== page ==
Autoren: Leander L S Muheim, Oliver Senn, Mathias Früh, Oliver Reich, Thomas Rosemann & Stefan M Neuner-Jehle
Zeitschrift: Acta Orthopaedica
Background: Current evidence suggests that arthroscopic knee surgery has no 20 added benefit compared to non-surgical management in degenerative meniscal 21 disease. Yet in many countries, arthroscopic partial meniscectomy (APM) remains 22 among the most frequently performed surgeries. The aim of this study was to quantify 23 and characterize the dynamics of the current use of knee arthroscopies in 24 Switzerland in a distinctively non-traumatic patient group. 25
Methods: We assessed a non-accident insurance plan of a major Swiss health 26 insurance company for surgery rates of APM, arthroscopic debridement and lavage 27 in patients over the age of 40, comparing the years 2012 and 2015. Claims were 28 analyzed for prevalence of osteoarthritis, related interventions and the association of 29 surgery with insurance status. 30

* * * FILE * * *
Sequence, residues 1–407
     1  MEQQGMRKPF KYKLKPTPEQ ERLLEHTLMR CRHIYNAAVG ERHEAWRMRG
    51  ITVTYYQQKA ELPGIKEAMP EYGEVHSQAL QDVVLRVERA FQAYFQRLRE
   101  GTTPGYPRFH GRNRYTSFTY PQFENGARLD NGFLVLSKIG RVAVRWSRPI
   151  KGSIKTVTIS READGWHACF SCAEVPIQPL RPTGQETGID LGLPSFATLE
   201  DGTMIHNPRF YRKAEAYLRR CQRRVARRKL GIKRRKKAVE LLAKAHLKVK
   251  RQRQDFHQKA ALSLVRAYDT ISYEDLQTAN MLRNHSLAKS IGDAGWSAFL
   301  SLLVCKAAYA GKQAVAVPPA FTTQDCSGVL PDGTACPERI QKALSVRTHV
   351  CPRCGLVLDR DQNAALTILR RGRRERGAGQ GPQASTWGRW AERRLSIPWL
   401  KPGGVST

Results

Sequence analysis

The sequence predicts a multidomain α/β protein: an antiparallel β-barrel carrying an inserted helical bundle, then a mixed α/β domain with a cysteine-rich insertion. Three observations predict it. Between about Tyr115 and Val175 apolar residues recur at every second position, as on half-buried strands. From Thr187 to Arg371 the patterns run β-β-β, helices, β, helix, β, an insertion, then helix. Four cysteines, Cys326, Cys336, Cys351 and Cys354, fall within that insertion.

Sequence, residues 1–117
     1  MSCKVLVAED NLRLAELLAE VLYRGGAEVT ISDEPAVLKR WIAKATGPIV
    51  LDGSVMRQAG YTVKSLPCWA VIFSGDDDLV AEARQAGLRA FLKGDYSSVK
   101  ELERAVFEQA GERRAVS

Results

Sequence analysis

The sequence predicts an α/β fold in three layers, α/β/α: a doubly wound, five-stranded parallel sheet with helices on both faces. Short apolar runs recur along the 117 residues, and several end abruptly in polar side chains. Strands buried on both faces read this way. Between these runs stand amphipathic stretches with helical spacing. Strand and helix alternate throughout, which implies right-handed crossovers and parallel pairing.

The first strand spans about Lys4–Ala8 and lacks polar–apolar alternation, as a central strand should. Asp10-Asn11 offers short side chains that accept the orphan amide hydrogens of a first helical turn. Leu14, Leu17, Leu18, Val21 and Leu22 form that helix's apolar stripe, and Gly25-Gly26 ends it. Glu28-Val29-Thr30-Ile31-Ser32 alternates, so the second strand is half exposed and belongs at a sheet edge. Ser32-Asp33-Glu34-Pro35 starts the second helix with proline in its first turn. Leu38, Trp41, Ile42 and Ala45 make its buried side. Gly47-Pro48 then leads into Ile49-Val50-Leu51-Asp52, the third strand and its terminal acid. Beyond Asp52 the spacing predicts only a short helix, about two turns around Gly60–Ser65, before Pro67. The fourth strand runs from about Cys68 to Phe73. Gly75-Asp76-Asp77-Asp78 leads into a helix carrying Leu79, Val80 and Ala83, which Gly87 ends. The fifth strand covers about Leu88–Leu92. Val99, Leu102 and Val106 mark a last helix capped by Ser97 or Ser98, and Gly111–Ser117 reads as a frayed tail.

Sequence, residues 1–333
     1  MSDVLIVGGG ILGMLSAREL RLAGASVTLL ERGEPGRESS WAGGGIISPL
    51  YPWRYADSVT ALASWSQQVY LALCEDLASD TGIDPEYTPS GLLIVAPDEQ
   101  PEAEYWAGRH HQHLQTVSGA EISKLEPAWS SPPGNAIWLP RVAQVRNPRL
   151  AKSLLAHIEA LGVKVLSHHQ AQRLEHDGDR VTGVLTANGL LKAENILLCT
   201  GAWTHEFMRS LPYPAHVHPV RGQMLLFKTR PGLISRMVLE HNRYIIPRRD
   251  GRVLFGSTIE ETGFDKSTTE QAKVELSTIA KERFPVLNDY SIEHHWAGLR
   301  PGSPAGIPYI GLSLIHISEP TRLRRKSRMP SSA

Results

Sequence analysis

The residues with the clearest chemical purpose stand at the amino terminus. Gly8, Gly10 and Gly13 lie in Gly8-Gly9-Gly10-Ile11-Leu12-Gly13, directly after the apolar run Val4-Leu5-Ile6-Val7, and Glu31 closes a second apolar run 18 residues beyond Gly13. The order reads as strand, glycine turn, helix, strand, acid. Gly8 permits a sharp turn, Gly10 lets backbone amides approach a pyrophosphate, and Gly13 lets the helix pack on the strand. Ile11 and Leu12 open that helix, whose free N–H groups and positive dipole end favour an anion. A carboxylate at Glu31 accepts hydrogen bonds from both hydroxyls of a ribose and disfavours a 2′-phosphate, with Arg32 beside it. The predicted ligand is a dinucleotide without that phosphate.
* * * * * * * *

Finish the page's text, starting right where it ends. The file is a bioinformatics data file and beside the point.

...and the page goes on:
Results: In total, 648,708 and 647,808 people were examined in 2012 and 2015, 31 respectively. The incidence of APM, debridement and lavage was 388 per 105 32 person-years in 2012 and 352 per 105 person-years in 2015 in non-traumatic patients 33 over the age of 40, consisting mostly of APM (95.6%). There was no statistically 34 significant change in surgery rates between 2012 and 2015 among patients aged 40-35 64. Overall prevalence of osteoarthritis was 25%. Insurance status was 36 independently associated with arthroscopic knee surgery. 37
Interpretation: APM is widely-used in non-traumatic patients in Switzerland, which 38 contrasts to current evidence. Many procedures take place in patients with 39 degenerative knee disease. Surgery rates did not change in non-traumatic middle-40 aged patients between 2012 and 2015. Accordingly, the potential of inappropriate 41 use of APM in non-traumatic patients in Switzerland is high.